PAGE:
The U.K. has launched a two-year program to be run by labor rights groups in partnership with the Seafood Ethics Action Alliance (SEA Alliance) to improve working conditions for migrant crews on British fishing boats according to a recent Financial Times article. The scheme is in response to multiple incidences of abuse of migrant fishing crews and cases of forced labor uncovered recently across the seafood fishing sector.
Cracking down on slavery at sea
The two-year pilot program is the first of its kind in Europe and sets new minimum standards for pay and working conditions developed by the workers. Workers will oversee the establishment, monitoring, and enforcement of their employment rights to help ensure needed changes are made.
Chris Williams, fisheries expert from one of the groups launching the program said:
“The project gives (migrant fishers) a chance for greater protection and improved conditions at work, as well as the ability to shape their own working conditions.”
This scheme is built on legally binding agreements between employers and buyers, unlike previous voluntary corporate social responsibility schemes, and includes auditing by an independent council and incentives for adherence. SEA Alliance, a consumer group whose members represent 95 percent of the U.K. seafood market and include big names like Tesco, Asda, Morrisons, and Whitby Seafoods will be working together with labor rights groups to enact the new program.
Tying up a labor exploitation loophole
In addition, the scheme will try to address an immigration “loophole” that has thus far denied those who work in international waters the protection of U.K. employment law. This loophole has allowed employers to escape U.K. employment protections for migrant workers and helped lay the groundwork for rampant abuse reported.
At the center of this loophole is the “transit visa”, intended for use by those entering and passing through the U.K. on their way to another location, like merchant seafarers. According to labor experts, more than 1,299 overseas crew on British boats are employed using this visa, which some human rights lawyers argue has facilitated modern slavery. Recent attempts by the U.K. government to address misuse of this visa have been ineffective as many boats fish beyond 12 nautical miles making them outside the territorial limit and exempt from U.K. laws.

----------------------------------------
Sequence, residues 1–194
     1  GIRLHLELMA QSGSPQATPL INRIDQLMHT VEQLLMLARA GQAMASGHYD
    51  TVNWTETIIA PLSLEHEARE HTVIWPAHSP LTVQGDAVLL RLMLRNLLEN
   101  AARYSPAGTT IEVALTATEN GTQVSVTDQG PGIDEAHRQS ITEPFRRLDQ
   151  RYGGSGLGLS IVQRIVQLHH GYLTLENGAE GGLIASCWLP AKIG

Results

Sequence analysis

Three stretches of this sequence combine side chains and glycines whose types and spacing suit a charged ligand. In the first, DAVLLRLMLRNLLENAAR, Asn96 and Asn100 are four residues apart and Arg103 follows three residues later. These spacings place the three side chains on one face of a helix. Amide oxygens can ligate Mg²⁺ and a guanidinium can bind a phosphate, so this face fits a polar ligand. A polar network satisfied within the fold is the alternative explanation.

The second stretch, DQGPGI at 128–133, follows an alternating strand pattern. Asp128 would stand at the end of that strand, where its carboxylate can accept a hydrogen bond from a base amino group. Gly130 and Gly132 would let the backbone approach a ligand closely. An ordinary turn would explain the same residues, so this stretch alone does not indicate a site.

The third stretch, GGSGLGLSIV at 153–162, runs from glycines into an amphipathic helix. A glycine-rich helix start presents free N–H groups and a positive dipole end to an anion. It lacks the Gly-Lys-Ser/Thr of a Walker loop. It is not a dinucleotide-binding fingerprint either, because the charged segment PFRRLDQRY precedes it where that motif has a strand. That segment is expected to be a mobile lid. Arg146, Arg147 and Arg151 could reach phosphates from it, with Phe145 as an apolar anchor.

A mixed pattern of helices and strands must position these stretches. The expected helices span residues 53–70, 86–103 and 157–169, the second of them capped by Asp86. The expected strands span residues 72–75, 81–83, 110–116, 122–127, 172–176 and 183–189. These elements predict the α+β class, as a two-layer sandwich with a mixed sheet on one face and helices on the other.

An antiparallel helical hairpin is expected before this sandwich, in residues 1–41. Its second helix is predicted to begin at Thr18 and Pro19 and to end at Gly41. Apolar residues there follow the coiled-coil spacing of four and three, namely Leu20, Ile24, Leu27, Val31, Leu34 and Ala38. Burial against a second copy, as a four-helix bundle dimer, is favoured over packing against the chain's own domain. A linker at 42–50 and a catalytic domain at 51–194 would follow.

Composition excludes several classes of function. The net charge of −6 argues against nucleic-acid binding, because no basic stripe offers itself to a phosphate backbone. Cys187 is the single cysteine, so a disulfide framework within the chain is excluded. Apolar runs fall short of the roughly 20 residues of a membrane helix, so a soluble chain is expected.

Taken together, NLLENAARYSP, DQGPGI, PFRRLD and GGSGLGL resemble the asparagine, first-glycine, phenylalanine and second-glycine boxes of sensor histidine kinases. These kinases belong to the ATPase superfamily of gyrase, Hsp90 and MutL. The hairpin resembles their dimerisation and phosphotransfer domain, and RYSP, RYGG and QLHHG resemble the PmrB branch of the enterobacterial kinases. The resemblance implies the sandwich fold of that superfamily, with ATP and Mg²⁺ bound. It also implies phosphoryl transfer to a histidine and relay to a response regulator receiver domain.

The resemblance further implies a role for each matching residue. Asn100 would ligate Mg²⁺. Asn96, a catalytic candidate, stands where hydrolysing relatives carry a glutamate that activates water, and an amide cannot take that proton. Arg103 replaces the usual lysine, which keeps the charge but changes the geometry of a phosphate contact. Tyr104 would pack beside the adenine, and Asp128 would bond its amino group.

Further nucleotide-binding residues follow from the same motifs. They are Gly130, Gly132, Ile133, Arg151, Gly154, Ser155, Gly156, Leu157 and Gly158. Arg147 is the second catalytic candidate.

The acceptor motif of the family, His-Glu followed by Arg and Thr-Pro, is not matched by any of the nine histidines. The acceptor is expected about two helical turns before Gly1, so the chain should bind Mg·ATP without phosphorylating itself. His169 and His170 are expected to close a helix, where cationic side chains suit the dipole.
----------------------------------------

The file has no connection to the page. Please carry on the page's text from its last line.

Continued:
The Financial Times states:
“The pilot program promises to fill the gaps in legislation for this group of workers by guaranteeing minimum standards over pay, rest hours and grievance procedures.”
A contact close to the discussions shared that the agreements are expected to be in place by the second quarter of this year. The largest fish producer group in Europe, Scottish White Fish Producers Association, has partnered with the scheme to run the program out of two ports in northeast Scotland.
Forced labor in seafood doesn’t end at the port
Sadly, the trail of abuse on the high seas doesn’t end with the fishing crews, it also leads to seafood processing facilities in China, which supply global brands. Most alarmingly, it has been found that Uyghur workers were forcibly relocated to seafood factories in Shandong, a major seafood processing hub on China’s eastern coast. These factories supply hundreds of restaurants, supermarkets, and food-service providers across the United States and Europe. This worker-led pilot program launched in the U.K. is a first step towards eliminating slavery at sea, but bringing change to the whole seafood industry will require the collective efforts of governments, consumers, and organizations alike. Join Freedom United and stand with us against Uyghur forced labor to help end modern slavery, wherever it is found.